The Good Life

An eye for art

The Indian art market is seeing a steady revival driven by genuine collectors rather than investors

Indian art goes back a few millennia to the stone stupas and rock carvings of the early Gupta period. The earliest form of painting emerged with wall frescoes in Buddhist cave temples at Ajanta, which influenced many periods of visual art in India, resulting in a tradition of miniature art that continued well into the 19th century. And thanks to iconic artists such as Syed Haider Raza, Francis Newton Souza and Maqbool Fida Husain as well as younger contemporaries such as Subodh Gupta, Bharti Kher and Atul Dodiya, Indian art has continued to evolve in the last century. 

Few countries can match the combination of our cultural heritage and economic prowess, but, unlike countries like China with similar advantages, we have not fulfilled our potential on the global art stage.

Today, India accounts for less than 1% of global art market sales, while China makes up for 22%, tying with the UK and Europe. This, according to me, is an opportunity for the Indian art market, which is still in its infancy, to develop and grow to fill this gap.

From 2000 to 2007, the Indian art market saw an unprecedented boom, fuelled to a large extent by NRI and foreign investment, with the auction portion of the market growing from ₹11 crore in 2001 to ₹648 crore in 2006 and then declining slightly to ₹475 crore in 2007. In September 2006, the auction market for Indian art showed some of the highest sales, with seven auction houses, domestic and international, grossing close to ₹220 crore in a single month. All of this came to a staggering halt with the 2008 global recession.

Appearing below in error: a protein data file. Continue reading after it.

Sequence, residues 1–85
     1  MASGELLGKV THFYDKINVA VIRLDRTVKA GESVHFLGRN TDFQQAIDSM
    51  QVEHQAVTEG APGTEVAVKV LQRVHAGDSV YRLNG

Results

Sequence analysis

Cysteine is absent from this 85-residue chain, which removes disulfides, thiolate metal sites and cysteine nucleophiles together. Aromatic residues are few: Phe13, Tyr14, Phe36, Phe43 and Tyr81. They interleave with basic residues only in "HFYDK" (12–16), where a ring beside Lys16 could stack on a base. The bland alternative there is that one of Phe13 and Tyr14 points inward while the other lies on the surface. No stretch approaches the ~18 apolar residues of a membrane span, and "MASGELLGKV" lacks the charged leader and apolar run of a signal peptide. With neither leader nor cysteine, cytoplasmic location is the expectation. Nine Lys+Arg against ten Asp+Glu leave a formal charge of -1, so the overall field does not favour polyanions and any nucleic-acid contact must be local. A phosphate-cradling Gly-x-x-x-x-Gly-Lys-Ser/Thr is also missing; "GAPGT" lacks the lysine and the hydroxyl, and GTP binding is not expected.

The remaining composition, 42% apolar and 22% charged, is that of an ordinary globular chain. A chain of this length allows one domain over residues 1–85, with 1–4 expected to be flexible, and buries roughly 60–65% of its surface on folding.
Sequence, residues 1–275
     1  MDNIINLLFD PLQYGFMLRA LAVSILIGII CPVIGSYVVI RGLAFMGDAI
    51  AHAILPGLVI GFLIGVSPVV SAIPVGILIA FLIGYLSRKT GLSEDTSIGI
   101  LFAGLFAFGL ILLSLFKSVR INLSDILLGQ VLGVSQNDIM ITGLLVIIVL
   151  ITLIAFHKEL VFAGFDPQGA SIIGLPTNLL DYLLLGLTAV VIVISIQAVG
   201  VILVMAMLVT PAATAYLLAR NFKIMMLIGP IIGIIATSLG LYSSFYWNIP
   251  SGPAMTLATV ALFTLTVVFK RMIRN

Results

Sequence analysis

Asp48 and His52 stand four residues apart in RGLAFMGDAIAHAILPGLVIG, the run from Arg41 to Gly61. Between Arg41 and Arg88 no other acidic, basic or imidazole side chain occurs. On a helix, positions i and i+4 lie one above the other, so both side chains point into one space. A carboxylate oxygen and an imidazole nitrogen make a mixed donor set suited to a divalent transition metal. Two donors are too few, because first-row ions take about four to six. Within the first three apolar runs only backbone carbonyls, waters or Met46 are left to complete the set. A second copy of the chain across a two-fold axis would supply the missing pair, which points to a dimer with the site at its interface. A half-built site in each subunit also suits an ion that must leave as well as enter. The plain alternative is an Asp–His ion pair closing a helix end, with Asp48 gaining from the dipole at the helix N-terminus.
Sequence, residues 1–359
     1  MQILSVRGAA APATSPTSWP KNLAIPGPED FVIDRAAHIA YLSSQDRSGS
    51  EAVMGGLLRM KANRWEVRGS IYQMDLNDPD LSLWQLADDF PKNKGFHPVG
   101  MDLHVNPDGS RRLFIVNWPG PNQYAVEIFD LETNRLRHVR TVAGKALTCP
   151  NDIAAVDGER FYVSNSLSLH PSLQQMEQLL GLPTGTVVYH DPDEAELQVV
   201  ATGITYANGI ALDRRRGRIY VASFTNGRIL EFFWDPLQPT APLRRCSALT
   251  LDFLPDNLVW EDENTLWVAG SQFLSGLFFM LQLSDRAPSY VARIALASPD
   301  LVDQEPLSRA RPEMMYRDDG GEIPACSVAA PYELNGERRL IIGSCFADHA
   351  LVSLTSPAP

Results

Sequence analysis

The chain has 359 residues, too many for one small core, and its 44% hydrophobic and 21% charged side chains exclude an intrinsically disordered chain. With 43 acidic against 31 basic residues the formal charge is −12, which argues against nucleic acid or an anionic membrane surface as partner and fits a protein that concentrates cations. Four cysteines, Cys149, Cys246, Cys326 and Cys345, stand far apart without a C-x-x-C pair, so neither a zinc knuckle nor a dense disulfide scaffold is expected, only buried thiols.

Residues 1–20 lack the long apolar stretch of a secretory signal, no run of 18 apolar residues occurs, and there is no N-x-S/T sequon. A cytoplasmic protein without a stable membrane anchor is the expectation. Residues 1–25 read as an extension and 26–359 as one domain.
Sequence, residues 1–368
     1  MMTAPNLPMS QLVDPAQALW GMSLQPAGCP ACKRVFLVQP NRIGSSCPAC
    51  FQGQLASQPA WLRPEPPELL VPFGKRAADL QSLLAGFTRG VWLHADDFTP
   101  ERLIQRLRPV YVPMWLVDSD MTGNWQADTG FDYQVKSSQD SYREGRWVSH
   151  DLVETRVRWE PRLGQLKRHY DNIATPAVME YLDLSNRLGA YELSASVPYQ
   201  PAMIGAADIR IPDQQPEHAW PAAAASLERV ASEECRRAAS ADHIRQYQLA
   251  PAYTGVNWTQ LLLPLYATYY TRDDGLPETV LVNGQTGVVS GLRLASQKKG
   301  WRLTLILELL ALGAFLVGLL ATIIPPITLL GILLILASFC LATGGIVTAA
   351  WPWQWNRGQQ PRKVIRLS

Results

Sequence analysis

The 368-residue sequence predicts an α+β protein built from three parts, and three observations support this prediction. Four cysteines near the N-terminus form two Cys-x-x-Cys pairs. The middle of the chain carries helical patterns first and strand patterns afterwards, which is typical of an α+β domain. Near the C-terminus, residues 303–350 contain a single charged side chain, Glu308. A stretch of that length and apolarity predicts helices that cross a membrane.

The art starts

The financial crisis of 2008 started with the bursting of the real estate bubble in the West. Though emerging markets held up for while, it wasn’t long before the resulting shockwaves overwhelmed us as well. For a while, the global and Indian art markets bucked the trend, but with the collapse of Lehman Brothers, we got caught in the meltdown too, along with virtually every other market for goods or services. 

But since then, there has been a steady revival, driven by genuine art collectors, rather than investors. In 2014, south Asian auction sales from the top six auction houses raised a total of ₹428 crore.

At present, the London-based art market research firm ArtTactic puts its confidence indicator for the Indian art market at 79 on a scale of 100, the highest reading since November 2007.

In my opinion, the currently undervalued Indian art market, coupled with the growing interest in Indian art, suggests that Indian collectors will also participate in greater numbers, emulating the rise of the Chinese art market. With the right advice, there are many opportunities to buy art at attractive valuations.